Effexor users could benefit from new magnetic treatment



A few new studies have shown that transcranial magnetic stimulation, or TMS, might be an effective complementary treatment for those with major depressive disorder who take Effexor and other anti-depression medications.

A few new studies have shown that transcranial magnetic stimulation, or TMS, might be an effective complementary treatment for those with major depressive disorder who take Effexor and other anti-depression medications.

What is TMS?
According to the Mayo Clinic, TMS is a new procedure - approved by the FDA in 2008 to treat depression - that uses magnets to stimulate nerve cells in the brain. During the actual procedure, an electromagnetic coil is placed on the head near the forehead and it emits electric currents that stimulate the cells involved in depression and mood.

TMS is the only noninvasive and non-systemic depression treatment approved by the FDA - it doesn't require any type of sedation.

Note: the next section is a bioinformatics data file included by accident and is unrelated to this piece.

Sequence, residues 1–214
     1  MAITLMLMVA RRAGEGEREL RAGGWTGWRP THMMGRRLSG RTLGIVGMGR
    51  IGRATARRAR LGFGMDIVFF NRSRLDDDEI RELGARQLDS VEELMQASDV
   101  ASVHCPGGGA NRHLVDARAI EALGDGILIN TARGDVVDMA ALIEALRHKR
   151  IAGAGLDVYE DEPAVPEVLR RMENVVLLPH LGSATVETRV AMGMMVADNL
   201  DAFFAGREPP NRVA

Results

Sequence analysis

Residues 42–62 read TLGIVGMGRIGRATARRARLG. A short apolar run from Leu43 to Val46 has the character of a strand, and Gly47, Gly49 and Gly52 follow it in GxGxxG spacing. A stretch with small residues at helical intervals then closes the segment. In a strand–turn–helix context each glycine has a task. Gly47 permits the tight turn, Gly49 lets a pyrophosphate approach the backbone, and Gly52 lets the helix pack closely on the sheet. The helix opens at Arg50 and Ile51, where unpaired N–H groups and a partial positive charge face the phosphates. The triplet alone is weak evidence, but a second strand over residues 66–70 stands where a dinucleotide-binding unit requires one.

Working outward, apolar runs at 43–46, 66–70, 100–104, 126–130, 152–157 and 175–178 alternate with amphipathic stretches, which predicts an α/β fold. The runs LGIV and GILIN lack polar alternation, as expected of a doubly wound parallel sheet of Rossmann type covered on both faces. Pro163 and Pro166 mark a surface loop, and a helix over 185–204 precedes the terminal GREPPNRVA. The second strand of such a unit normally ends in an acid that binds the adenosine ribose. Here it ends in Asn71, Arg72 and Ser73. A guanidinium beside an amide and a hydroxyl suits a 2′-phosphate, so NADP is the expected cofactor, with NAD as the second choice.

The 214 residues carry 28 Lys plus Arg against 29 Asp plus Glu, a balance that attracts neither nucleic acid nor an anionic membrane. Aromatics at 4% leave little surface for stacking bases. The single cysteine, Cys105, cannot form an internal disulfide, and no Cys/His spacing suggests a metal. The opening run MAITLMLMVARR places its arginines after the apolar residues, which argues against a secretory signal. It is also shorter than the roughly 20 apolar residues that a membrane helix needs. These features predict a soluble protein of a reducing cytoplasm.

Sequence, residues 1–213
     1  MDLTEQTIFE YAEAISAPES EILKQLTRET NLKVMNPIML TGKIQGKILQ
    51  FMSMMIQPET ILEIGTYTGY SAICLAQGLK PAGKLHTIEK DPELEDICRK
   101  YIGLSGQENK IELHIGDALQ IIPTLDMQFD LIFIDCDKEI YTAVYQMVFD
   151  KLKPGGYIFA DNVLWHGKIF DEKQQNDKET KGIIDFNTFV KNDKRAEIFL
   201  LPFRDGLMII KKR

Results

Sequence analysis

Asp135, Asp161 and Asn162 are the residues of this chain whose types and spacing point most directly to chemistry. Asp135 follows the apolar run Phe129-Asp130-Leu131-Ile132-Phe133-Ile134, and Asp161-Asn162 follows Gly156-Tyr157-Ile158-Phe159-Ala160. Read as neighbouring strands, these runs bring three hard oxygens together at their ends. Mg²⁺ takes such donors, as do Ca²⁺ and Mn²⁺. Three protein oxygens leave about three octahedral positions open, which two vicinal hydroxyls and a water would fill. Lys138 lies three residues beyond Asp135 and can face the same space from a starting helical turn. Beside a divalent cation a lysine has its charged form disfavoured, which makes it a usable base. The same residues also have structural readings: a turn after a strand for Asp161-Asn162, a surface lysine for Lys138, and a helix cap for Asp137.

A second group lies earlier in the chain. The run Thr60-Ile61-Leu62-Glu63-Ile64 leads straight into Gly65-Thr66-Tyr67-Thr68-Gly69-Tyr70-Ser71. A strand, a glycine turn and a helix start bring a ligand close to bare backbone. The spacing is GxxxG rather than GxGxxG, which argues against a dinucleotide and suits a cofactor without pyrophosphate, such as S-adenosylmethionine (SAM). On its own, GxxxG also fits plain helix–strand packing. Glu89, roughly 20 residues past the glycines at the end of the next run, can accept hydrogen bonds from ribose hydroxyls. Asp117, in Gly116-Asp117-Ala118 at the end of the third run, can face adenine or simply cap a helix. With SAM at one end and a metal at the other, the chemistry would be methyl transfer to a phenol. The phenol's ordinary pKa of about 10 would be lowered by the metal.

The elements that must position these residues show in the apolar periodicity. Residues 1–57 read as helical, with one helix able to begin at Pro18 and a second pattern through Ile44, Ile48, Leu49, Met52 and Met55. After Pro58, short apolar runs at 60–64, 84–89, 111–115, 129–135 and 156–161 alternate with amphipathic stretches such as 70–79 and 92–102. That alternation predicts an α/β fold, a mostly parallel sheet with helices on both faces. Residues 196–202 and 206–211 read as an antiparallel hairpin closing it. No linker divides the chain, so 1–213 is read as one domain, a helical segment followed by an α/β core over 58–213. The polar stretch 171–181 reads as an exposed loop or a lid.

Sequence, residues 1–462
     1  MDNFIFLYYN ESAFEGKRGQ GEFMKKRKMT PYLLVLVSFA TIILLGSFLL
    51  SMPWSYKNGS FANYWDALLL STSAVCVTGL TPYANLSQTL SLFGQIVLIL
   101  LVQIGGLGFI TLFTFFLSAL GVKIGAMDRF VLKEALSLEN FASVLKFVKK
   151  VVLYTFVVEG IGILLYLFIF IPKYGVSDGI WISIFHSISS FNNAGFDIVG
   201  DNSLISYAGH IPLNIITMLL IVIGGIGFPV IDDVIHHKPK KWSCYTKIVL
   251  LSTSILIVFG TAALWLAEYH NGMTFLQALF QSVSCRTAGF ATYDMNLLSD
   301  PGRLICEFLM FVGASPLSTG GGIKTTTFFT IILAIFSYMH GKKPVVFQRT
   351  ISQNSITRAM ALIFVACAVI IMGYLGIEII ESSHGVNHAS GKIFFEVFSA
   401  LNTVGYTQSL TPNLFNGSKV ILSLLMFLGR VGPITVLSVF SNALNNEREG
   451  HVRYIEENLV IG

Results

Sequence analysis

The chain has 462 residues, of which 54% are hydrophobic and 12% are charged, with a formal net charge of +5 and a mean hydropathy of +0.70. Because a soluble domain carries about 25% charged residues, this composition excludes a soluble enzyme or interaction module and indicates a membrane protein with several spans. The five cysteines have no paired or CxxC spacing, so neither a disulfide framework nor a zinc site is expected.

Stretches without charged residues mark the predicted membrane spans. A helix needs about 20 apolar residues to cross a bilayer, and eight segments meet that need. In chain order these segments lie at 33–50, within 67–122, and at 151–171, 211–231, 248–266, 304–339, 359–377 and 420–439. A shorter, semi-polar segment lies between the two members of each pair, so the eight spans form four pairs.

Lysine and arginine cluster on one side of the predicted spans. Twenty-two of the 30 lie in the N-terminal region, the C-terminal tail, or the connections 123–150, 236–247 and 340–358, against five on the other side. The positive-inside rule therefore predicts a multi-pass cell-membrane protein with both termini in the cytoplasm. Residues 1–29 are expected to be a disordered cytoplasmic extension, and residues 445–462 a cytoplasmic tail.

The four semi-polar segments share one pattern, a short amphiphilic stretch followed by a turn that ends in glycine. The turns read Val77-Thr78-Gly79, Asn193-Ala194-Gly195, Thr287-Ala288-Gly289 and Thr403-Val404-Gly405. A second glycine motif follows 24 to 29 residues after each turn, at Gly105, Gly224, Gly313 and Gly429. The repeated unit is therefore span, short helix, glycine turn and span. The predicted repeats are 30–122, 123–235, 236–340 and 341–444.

In a July 2013 New York Times article, one adult patient, who suffered from severe bouts of depressions that began in childhood, said that after four weeks of daily 40 minute treatments, she finally felt some relief from her depression:

"I woke up and something was different," the patient said. "I felt lighter. I didn't wake up in the morning and wish I were dead."

Research
Recent research suggests that TMS could work for other patients as well. A June 2013 review of the literature by researchers at McGill University and the University of British Columbia found that, overall, TMS is an effective treatment for major depression, though more research and clinical trials need to be done to standardize the method.

Another June 2013 study by French researchers published in the Journal of Affective Disorders found that using maintenance treatment of TMS was effective in lowering patients' depression relapse rates, as opposed to not offering patients additional maintenance treatment.

Overall, TMS needs more research to determine the efficacy for different populations, but the current results for treating major depressive disorder are promising.